The radios were humming as our intelligence and operations personnel monitored the radio nets of Sectors 10 at Oshakati, 20 at Rundu and 30 at Otjiwarongo. The members of the HQ staff of 61 Mech were equally interested in the weather forecasts and similarly watched out for rain clouds. They knew the game: Their supporting staffs as well.

They were old hand at infiltrations. We knew our enemy. We had made a list of battle indications we could use as yardsticks to monitor any omen coming from the vast bush lands to north of Omuthiya. There were, however, four teeny-weenie issues which influenced the way 61 Mech went about its progressive day-to-day operational work.

This especially concerned the impending enemy threat to innocent souls to the south of us, those innocents who lived at nearby farms and towns. Those were the people who were depending on the might of the military machine in the region to safeguard them against stark terrorism. This responsibility 61 Mech had relinquished after Operation Carrot had been successfully completed by 18 April The mandate for this then reverted to Sector 30 whose responsibility it actually was.

The package-deal included handing over the former role 61 Mech had to command the joint task force in times of crises. The reason for this was simply that 61 Mech was being committed more and more for fleeting operations into southern Angola. This had become the nature of the beast. In fairness, this was the true role of 61 Mech. Such operations would in future obviously unfold under command of Sector The real worry was that we were hearing nothing from Sector Yes, there was a general emergency plan in place, which I would explain in more detail below.

The problem was that no particular contingency planning or pro-active measures were being undertaken for the brooding enmity on hand. This really had me worried as the bewitched month of April was creeping closer.

To 61 Mech who knew and understood high readiness, this was not the way, if I may say so myself. As it were, we were already on three hours stand-by for any possible threat, which could explode in our faces at any moment.

Would we be there to support them if the time came? The perception of the community was that 61 Mech was theirs. Fortunately for them, we had always been available in the past for emergencies, more or less at beg and call. They had come to rely, respect and trust 61 Mech. What would their perceptions be, if trouble came and 61 Mech was not there to come to the rescue?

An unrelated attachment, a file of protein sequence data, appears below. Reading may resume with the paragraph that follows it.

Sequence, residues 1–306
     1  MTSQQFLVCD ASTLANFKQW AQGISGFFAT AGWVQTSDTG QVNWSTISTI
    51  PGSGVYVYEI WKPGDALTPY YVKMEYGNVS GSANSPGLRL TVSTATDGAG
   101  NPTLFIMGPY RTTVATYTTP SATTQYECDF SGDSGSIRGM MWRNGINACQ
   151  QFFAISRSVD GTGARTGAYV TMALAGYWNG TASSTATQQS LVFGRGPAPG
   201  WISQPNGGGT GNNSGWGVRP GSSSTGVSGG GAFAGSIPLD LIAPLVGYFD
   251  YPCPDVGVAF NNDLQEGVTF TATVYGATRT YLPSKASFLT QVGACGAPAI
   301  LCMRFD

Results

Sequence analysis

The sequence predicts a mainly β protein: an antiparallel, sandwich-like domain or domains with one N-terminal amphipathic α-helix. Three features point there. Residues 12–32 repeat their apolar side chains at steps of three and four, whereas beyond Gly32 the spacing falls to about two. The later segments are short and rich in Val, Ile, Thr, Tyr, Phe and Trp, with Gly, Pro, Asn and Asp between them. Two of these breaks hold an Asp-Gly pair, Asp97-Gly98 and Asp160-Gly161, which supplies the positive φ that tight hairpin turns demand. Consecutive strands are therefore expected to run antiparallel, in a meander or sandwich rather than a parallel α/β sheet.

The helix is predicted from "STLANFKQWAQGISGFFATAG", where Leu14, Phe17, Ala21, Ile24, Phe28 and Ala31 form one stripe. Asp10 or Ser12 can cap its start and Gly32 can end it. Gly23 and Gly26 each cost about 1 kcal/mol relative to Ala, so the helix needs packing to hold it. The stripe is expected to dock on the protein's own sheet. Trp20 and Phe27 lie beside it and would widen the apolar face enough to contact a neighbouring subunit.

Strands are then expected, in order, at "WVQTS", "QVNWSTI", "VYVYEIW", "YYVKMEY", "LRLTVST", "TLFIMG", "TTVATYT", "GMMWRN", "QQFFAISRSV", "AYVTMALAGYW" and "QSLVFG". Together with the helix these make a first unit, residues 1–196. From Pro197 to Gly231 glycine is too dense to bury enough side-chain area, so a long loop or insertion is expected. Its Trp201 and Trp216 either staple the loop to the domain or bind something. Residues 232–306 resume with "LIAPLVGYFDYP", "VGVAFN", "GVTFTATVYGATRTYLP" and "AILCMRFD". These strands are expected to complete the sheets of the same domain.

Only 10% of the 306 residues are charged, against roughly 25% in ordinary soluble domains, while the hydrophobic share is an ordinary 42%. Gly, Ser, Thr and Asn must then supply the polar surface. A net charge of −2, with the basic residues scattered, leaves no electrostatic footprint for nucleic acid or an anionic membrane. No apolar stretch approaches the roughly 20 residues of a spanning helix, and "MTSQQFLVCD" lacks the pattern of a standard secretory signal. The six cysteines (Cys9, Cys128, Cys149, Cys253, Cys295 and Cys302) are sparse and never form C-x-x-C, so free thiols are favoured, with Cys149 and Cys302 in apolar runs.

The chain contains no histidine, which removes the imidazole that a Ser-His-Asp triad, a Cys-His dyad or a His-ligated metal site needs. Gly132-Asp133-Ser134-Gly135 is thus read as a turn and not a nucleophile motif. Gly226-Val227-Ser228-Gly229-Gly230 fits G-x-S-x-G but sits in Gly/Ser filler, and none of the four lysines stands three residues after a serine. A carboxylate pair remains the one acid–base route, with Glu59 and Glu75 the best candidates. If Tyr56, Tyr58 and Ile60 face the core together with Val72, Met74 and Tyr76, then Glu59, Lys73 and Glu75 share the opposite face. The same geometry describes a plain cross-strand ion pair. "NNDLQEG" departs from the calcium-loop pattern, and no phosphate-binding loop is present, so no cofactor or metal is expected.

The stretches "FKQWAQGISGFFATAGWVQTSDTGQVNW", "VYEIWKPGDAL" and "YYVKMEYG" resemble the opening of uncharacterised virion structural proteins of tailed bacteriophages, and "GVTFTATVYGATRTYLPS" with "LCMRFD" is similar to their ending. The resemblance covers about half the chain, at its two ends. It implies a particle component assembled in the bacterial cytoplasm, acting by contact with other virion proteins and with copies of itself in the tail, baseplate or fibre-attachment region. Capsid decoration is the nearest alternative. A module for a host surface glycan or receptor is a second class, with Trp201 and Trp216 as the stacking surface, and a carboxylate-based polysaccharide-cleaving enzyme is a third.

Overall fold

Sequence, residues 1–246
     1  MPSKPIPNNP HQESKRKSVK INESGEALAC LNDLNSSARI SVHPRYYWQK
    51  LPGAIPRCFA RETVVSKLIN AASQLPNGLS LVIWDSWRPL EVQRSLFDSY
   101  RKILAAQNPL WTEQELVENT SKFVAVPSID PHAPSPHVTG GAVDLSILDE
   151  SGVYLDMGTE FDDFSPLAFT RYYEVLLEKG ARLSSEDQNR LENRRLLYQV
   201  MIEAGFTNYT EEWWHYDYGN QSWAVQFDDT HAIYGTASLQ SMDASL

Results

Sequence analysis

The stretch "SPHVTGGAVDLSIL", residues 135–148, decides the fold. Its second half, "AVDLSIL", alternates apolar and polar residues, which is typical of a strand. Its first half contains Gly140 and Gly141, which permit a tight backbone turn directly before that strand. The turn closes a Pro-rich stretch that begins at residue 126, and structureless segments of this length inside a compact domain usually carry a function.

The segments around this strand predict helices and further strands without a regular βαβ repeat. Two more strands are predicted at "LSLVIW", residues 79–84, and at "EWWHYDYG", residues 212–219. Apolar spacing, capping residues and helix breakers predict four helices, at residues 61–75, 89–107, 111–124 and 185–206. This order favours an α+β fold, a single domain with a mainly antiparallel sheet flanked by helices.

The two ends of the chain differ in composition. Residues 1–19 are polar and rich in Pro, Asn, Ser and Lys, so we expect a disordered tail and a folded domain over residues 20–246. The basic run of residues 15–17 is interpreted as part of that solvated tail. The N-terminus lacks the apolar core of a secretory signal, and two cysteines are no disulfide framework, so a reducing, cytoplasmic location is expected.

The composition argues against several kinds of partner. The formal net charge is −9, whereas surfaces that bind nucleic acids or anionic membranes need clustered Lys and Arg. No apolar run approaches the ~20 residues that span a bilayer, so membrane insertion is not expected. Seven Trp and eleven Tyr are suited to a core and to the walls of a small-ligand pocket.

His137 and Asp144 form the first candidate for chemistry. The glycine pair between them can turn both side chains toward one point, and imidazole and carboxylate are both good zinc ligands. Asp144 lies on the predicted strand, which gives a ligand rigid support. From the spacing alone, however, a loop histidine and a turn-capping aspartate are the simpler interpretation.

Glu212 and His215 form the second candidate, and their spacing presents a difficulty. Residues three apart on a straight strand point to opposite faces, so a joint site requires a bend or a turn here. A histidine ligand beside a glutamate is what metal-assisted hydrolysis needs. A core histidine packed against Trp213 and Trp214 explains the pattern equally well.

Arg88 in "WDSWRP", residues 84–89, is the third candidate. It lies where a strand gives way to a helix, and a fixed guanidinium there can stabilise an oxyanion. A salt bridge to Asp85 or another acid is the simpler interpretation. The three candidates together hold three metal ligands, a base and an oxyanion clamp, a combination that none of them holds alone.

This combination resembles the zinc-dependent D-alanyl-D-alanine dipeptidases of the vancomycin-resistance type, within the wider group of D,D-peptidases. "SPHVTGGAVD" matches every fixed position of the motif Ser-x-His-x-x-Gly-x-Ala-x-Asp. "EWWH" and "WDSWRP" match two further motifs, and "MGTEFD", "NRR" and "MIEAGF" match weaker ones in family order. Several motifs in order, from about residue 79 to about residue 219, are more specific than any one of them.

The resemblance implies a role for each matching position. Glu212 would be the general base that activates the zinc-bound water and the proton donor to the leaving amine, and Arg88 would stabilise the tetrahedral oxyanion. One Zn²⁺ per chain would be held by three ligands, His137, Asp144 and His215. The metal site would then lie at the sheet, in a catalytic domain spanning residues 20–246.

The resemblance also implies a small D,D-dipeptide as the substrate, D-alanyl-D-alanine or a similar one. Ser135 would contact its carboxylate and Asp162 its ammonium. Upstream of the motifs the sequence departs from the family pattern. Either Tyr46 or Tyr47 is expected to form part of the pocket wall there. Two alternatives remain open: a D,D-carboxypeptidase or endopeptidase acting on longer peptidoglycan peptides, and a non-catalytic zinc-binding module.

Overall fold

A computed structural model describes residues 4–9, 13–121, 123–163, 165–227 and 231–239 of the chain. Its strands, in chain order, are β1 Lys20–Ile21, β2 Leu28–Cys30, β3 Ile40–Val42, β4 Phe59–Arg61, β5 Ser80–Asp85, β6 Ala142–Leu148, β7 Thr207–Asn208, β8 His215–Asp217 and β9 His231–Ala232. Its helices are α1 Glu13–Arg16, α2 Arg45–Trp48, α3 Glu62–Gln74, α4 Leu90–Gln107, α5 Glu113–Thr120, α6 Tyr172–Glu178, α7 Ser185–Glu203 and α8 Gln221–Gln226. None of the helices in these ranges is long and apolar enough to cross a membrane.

Our sub-units still required extensive mission training and were in the process of acclimatizing and getting used to the operational ways of 61 Mech. They were however well trained, make no mistake about that. The other plus point was that 61 Mech had outstanding soldiers, both permanent force and national servicemen.

It was commanded and managed by a core of permanent force members and national service junior leaders. Those leaders were men of calibre. The previous year, prior to Operation Carrot, 61 Mech had done a comprehensive threat assessment and had compiled a contingency plan for such crises. The said plan was then war-gamed with all possible combat participants for such operations.

This occurred early in March For the season this plan was reassessed and now served as a base-line for our new sub-unit intake. Our HQ and other supporting capabilities were on stand-by and high-readiness as well. This was done in accordance with the aforementioned contingency plan: The two mechanised infantry companies for follow-ups, rapid response, ambushing, cross-tracking, etcetera; the armour squadron for mobile patrols, convoy duties, road-blocks, cross-tracking, cordoning, show of force and so forth; the artillery battery to deploy for farm protection operations, as the tradition was.

My battery commander, Major Chris Roux was a conscientious officer. Roux would be in overall control of all farm protection operations, if this should be required. Cool thinking and the ability to deploy and re-deploy rapidly was the name of the game.

Major Giel Reinecke would sort out the logistics, no question about that. One major concern remained. We dearly needed timeous early warning from Sector The whole stance of 61 Mech was to pre-empt and be pro-active. Our unit, as such, was extremely uncomfortable when we had no choice, but to wait for something to happen. Our dictum had always been to search for forward ground and to be ready at all times.

Frustration was not the word to explain our current situation. So be it 61 Mech, be ready in any case, notwithstanding… After all, this was not our responsibility anymore. It was the responsibility of Sector 30 and their Northern Border Company now deployed at Tsintsabis, was it not?